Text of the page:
The 1982 recipient of the Ford C. Frick Award was veteran announcer Vin Scully,the sixth announcer to be so honored.
Scully's remarkable tenure as the "Voice of the Dodgers" began in 1950 when he joined Red Barber as a member of the Brooklyn club's radio team. Scully followed the Dodgers' move west in 1958. As Scully recalled: "Red was my teacher … and my father. I don't know—I might have been the son he never had. It wasn't so much that he taught me how to broadcast. It was an attitude. Get to the park early. Do your homework. Be prepared. Be accurate. He was a stickler for that. He cared. He was very much a taskmaster, or I might have developed bad habits."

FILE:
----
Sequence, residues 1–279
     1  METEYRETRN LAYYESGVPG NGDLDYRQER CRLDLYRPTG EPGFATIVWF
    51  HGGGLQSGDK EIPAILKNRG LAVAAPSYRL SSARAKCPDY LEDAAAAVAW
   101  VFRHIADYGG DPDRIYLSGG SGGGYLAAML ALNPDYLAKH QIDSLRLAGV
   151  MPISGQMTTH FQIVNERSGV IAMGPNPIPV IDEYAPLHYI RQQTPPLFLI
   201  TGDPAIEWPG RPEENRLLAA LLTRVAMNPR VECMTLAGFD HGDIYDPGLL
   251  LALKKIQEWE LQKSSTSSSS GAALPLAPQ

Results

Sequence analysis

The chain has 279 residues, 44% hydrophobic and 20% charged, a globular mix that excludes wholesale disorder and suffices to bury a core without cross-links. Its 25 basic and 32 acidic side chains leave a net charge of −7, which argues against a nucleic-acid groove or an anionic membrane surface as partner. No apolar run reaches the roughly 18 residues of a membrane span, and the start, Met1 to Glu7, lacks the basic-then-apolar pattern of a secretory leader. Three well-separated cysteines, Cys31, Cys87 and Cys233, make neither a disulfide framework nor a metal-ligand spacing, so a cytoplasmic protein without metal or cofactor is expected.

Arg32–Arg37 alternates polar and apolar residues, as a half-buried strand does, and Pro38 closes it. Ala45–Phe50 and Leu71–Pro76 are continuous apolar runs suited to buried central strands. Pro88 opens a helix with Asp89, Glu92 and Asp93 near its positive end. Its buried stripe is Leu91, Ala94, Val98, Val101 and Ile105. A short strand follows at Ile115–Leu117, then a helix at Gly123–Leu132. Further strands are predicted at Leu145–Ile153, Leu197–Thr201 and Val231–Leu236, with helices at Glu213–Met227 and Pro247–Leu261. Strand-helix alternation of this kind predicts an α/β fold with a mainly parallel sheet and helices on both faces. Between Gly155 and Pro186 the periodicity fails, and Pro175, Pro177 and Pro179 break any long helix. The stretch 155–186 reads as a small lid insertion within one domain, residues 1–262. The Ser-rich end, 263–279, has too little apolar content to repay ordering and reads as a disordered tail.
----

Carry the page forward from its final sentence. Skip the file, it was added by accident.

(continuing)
Many adjectives have been used to describe Scully and his style since his declaration to a teacher at the age of eight of his ambition to become a sports announcer: entertaining, precise, proficient, charming, friendly, outgoing, smooth, relaxed, warm, knowledgeable, intelligent, literate, concise, well-prepared, colorful. Los Angeles Times columnist and J.G. Taylor Spink Award winner Jim Murray once called him "the Fordham Thrush with the .400 larynx."
Scully has covered many of baseball's most thrilling moments, including Sandy Koufax's four no-hitters, Hank Aaron's 715th home run, Maury Wills's 104 stolen bases, Don Drysdale's and Orel Hershiser's scoreless inning streaks, and Kirk Gibson's dramatic home run in Game One of the 1988 World Series.